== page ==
How Many Drunk Pilots Are There?


The arrest of a United pilot Monday, for allegedly drinking prior to his flight, has helped unearth statistics that, according to the Associated Press, show him to be “the third U.S. pilot arrested in 13 months” on similar charges, but FAA records may suggest the number should be higher. USA Today reported federal statistics showing that over the past decade “nearly a dozen” pilots per year test positive for alcohol while attempting to fly. Those figures are distilled from sample of the group that starts as a pool of about 140,000 active ATP rated pilots. But not all of those pilots use their certificates vocationally, and not all of them are tested. Testing, which looks for a blood alcohol content of more than 0.04 percent, usually involves about 10,000 randomly selected pilots each year. While the NTSB has not attributed any airline crash to drunkenness in the cockpit, there are political ramifications as the numbers feed into the news-of-the-day mix that includes the Northwest overflight of MSP and the taxiway landing at ATL.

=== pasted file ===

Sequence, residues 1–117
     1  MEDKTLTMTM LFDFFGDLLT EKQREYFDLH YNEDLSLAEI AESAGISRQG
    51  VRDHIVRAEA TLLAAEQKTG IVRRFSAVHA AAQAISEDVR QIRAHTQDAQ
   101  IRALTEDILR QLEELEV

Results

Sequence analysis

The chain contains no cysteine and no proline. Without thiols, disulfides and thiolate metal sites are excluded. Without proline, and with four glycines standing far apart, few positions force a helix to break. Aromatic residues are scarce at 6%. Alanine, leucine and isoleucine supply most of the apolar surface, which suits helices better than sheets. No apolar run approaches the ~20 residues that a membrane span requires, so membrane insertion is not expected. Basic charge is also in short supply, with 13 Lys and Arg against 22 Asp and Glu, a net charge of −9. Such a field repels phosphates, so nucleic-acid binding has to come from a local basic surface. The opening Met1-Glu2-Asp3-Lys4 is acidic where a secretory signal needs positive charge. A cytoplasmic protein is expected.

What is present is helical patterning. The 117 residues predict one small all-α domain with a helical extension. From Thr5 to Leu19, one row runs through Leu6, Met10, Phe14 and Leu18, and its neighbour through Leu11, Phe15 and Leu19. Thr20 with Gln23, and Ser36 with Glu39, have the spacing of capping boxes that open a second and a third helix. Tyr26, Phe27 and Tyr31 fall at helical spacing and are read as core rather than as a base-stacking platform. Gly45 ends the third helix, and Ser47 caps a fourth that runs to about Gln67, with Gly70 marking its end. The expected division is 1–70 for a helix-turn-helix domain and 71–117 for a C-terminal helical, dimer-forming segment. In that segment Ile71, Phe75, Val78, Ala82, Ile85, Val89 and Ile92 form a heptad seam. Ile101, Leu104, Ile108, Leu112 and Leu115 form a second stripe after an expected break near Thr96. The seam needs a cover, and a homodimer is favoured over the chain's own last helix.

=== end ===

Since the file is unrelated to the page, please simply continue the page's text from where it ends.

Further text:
Some industry advocates (Flight 1549’s Jeff Skiles included) have suggested that professionalism in the cockpit has faltered due to lower pay, longer hours and reduced or eliminated benefits. But the effect of alcohol positives in the cockpit on that argument may be stifled until it is shown that the incidents are on the rise, independent of changes in testing.